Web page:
• The Supreme Court of the United States ("SCOTUS") has agreed to hear the case.  Oral arguments are scheduled for 4 December 2017 and a decision is likely in early/mid 2018 (http://www.scotusblog.com/case-files/cases/christie-v-national-collegiate-athletic-association-2/)
    • The SCOTUS’s interest in the case is regarding the matter of state’s rights
      • The plaintiffs argue that Congress exercised its authority under the Commerce Clause of the constitution to enact the legislation
      • New Jersey argues that the Tenth Amendment of the U.S. Constitution reserves to the states all rights not explicitly granted to the federal government—such as gambling regulation – and therefore PASPA is encroaching on state’s rights
  • If the SCOTUS decides in favour of NJ (striking down PASPA) it would allow each state to legalise sports betting
    • In addition to New jersey approximately a dozen other states are progressing legislation and are looking to act quickly post a favourable SCOTUS decision
  • Each state would determine its own framework but because of the Wire Act sports betting would need to be restricted within state borders and cannot use telecommunications.  This is important because it will require operators to have a physical presence – incumbents have an advantage & a mass market online offering likely will not work
  • WMH is very well placed to take advantage of a favourable SCOTUS decision on PASPA
    • WMH currently operates over ½ of the sports books in Nevada (generally a JV with the casino operator).  This model will likely be rolled out across other states if/when sports betting is legalised
    • WMH has a 50 year agreement with Monmouth Park Racetrack in New Jersey – i.e. it already has a physical presence in the NJ market
      • NJ will be the first state to open if PASPA is overturned
      • NJ has estimated that in year 1 there will be $1 billion of bets if PASPA is overturned
  • Given: (i) the size of the market; (ii) the number of states that are seeking to allow sports betting if PASPA is overturned; (iii) WMH’s significant experience operating sports books (this is not something a small casino can necessarily just do themselves and there are scale advantages as discussed above); and (iv) WMH’s established presence in the market; WMH is very well placed to benefit significantly from any favourable SCOTUS ruling.  There is no value currently ascribed to this option in WMH’s current market value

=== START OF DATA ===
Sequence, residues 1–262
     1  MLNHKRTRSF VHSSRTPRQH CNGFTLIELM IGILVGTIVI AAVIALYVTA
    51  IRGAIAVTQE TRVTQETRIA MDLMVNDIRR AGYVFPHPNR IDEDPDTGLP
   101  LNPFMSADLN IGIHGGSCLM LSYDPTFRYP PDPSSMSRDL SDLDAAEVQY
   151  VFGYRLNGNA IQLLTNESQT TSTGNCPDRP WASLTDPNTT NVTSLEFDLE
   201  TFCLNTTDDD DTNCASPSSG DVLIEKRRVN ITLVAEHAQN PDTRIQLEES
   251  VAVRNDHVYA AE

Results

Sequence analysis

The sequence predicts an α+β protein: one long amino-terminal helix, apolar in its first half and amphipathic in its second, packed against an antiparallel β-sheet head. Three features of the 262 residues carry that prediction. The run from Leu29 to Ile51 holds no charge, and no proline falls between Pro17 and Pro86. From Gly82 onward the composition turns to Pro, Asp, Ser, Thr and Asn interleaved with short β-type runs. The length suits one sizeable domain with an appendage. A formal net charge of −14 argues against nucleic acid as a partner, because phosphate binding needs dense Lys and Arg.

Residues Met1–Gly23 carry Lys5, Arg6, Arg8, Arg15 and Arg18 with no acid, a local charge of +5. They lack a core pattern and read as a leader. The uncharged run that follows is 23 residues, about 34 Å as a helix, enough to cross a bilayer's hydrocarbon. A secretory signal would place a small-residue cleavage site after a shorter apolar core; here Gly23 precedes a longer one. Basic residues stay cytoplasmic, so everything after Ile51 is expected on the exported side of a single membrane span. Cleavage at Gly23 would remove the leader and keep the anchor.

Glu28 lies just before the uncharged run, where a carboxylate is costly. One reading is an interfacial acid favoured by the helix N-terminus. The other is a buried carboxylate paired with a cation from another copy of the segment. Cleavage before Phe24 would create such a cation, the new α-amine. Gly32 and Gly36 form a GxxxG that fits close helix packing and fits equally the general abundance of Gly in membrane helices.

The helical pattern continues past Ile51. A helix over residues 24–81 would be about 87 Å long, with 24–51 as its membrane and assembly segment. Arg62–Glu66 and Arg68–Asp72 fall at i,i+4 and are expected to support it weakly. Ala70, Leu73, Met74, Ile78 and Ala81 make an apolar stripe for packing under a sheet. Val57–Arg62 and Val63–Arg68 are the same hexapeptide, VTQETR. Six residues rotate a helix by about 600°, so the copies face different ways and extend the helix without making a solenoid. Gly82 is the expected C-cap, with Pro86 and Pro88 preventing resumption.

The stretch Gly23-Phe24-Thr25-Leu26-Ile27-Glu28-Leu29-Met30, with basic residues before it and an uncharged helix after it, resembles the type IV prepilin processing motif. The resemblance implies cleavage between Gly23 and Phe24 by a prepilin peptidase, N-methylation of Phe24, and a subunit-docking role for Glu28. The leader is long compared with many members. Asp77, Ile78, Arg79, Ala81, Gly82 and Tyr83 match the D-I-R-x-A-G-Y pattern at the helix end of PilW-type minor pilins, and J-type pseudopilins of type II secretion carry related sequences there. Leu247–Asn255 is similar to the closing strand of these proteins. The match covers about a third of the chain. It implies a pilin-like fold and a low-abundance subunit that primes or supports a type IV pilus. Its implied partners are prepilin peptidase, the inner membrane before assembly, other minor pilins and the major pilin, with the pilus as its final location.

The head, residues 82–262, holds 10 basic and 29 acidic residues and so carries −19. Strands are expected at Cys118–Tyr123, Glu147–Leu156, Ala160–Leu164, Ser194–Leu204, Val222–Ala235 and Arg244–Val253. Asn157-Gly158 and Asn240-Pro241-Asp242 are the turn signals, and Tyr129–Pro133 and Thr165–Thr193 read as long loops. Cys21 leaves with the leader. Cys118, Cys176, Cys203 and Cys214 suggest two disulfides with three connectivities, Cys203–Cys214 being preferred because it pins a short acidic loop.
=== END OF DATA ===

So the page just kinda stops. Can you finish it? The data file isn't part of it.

• How probable is a favourable SCOTUS decision?  This is difficult to handicap.  However, the following factual background might be worth considering:
    • The most recent decision, a decision from the Third Circuit Court of Appeals, upheld the decision of the lower courts and ruled that PASPA was not unconstitutional.  If SCOTUS had chosen not to take this case that ruling would have been final and PASPA would have remained the law of the land
    • Following a routine conference where the Supreme Court justices determine which cases to hear, the Court issued an order inviting the Acting Solicitor General to file a brief "expressing the views of the United States" concerning the federal prohibition of sports betting (https://www.supremecourt.gov/orders/courtorders/011717zor_5h26.pdf)
    • The Solicitor General filed a brief stating that SCOTUS should not hear the case (http://www.scotusblog.com/wp-content/uploads/2017/05/16-476-16-477-CVSG-Christie-AC-Pet.pdf
    • Despite the direction from the Solicitor General above SCOTUS decided to hear the case.  This is unusual as the court generally gives great weight to the SG’s input
    • SCOTUS clearly has something to say about this issue.

 

SEVERAL WAYS TO WIN (3): VALUATION

  • WMH is currently trading at 9.8x 2017 P/E & 7.0x 2018 EV/EBITDA – well below historical mean valuation levels and close to historical lows
    •  5 year mean/median P/E: 11.3x (min: 9.3x; max: 14.3x)
    • 5 year mean/median EV/EBITDA: 8.8x/9.1x (min: 6.9x; max: 11.1x)
  • WMH is also currently trading at 69% of the P/E of the FTSE Index – also well below historical mean valuation levels and close to historical lows
    • 5 year mean/median Relative P/E: 87% (min: 66%; max: 114%)
  • Normalising WMH’s valuation level suggests at least 25% upside 
  • This valuation ascribes zero value to M&A and zero value to repeal of PASPA
    • M&A is highly strategic & >50% accretive for multiple parties at 50% above WMH's current price (see above)
    • Repeal of PASPA has the potential to make WMH’s US business more valuable than all of WMH’s assets combined (i.e. the US operations alone could be worth materially more than WMH’s current EV).  In this scenario WMH also becomes an attractive acquisition candidate for numerous US gaming companies

 

WHY DOES THE STOCK TRADE SO CHEAP?  REGULATIRY REVIEW: BACKGROUND & POTENTIAL IMPACT

Background

In October 2016, the UK's Department for Media, Culture, and Sport (DCMS) announced a new Triennial Review of the gambling sector, initially seeking views on maximum staking levels on B2 gaming machines, allocations of gaming machines, and advertising.  The major potential issue for WMH from this review is the potential reduction in staking limits for Fixed Odds Betting Terminals (FOBTs).